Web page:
Six months on from George Floyd’s death, what’s changed in the labour movement?

Amen Tesfay

It’s tough to come to terms with the whirlwind that has been 2020. But it has been over half a year since the tragic murder of George Floyd, and over half a year since that video was released of that knee on his neck. Over 190 days of protest, movements and the call for real, tangible change.

The Black Lives Matter movement has given us a vital opportunity to look at the institutional racism within Britain and calls on all of us to take radical action to change it. From our criminal justice system to our immigration policies, our education services and so much more. And that call for change includes within our labour movement.

There has certainly been a lot of talking and education. A quick glimpse of my Google Calendar since May shows that I have personally attended at least 16 different events that at one point or another discusses Black Lives Matter, Black liberation or anti-Black racism. I have even organised and spoke at a couple of events myself as the Black, Asian, minority ethnic (BAME) officer for Open Labour.

Listening and learning from the experiences of Black people within and outside the Labour Party is not only good, but vital. There comes a point, however, where we have to go beyond just talking. As Keir Starmer himself said in June: “Now is the time for action.”

With that in mind, let’s reflect on what has happened within the last six months and what has actually changed within the party and the movement. Has that rhetoric of the need for “institutional change” has led to actual change? Is the party working harder to protect and champion its Black members? For me, and many others, that answer is still an uncomfortable no. Breaking down the institutional barriers of inequality is such a massive mountain to climb, and I feel we haven’t even made the first steps, let alone approached the summit.

Results of the most recent internal Labour Party elections show how far this movement still has to go to climb that mountain. Even after the 1987 Caucus pointed out the lack of Black male representation on Labour’s national executive committee, both Jermain Jackman and Terry Paul failed to win a place in the members’ section, keeping in place a concrete ceiling that has been there for 120 years. Young Labour now only has one Black figure on its national committee, which comes as no surprise considering that in these elections we saw a complete failure of the party’s safeguarding policy and the contest was blighted by over-scrutinisation, abuse and a lot of bad faith when it came to candidates of colour.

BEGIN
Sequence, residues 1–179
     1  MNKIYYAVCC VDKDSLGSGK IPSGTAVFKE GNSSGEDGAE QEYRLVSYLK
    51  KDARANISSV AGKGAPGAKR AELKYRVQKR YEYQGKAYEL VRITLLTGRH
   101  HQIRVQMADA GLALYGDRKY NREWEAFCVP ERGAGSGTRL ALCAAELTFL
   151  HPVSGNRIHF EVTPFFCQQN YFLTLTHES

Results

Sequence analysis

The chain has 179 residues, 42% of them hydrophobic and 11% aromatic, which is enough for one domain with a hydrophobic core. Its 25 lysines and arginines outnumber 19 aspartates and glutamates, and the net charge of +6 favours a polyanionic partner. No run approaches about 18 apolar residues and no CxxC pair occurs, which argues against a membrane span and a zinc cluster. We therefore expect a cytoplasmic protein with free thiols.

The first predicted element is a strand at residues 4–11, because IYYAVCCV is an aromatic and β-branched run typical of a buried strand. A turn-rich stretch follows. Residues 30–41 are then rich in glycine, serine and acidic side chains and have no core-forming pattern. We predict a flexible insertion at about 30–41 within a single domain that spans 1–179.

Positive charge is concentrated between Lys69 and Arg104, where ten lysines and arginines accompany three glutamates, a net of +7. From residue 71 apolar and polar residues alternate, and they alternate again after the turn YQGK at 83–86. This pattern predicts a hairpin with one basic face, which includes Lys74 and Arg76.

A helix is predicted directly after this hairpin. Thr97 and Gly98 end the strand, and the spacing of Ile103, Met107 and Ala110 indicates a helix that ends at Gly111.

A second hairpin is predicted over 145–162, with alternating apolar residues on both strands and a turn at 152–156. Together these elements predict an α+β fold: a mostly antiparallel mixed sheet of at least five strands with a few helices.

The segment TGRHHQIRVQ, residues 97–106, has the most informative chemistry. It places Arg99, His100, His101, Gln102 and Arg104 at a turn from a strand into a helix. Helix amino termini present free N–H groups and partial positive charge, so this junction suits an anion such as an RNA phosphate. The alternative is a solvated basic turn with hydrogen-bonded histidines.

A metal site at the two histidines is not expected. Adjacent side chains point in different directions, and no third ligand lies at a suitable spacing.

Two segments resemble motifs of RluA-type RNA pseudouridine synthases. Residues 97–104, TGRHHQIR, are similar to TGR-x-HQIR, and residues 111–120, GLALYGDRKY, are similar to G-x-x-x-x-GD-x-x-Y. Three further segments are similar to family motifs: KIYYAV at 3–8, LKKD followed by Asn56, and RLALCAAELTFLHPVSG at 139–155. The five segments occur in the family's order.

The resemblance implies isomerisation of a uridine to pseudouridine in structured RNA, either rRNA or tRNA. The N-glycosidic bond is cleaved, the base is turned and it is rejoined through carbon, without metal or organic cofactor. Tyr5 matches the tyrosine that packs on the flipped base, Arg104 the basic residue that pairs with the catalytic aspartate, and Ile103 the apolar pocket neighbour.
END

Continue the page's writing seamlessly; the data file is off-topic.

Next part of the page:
What about the promises of Keir Starmer and the Labour leadership from June? We still haven’t received details of the renewal of the Bernie Grant Leadership Programme, and we still haven’t received the results of the diversity audit within the Labour Party staff. And we are still yet to receive a timetable for an autonomous, one-member-one-vote BAME Labour organisation.

As we move on to 2021, I fear that this party and movement will become compliant, with those words of action being seen as an adequate substitute for actual change. We must keep the pressure on as if the tragic murder of George Floyd took place yesterday. Because for many Black members, the pain is still there.

In a labour movement that prides itself on anti-racism, we should never be content with doing the bare minimum. We should always have the political will to push ourselves and others to advocate for more. This is not only a problem for Keir Starmer and the leadership alone: every single wing, every single trade union and every single affiliate must play their part.

During the Covid-19 pandemic,, trade unions have done some fantastic work in pointing out the inequalities that Black people face. From the TSSA passionately calling for justice for Belly Mujinga to the FBU continuing to show amazing solidarity with the residents of Grenfell Tower. But now it’s time for unions to support the many Black workers within their ranks and train them for positions of influences within their unions to continue that fight.

Finally, to the factional groups such as Progress, Momentum, Labour First, the Campaign for Labour Party Democracy and even my very own Open Labour. While the sheer brutality of factionalism has fed into this problem of anti-Black racism within the movement, we cannot deny how important and close these organisations are to the levers of power internally. Rather than being part of the problem, these groups should be a part of the solution. They could do more to find Black voices and champion them, not seeing their grievance as a chance for political gain, but a cause to fight for.

I understand that this will take time. But Black Lives Matter taught us a lot of lessons, one of them being the fact that we can’t keep kicking the problem of anti-Black racism into the long grass. If anti-racism is one of Labour’s core values, the party must prove it.

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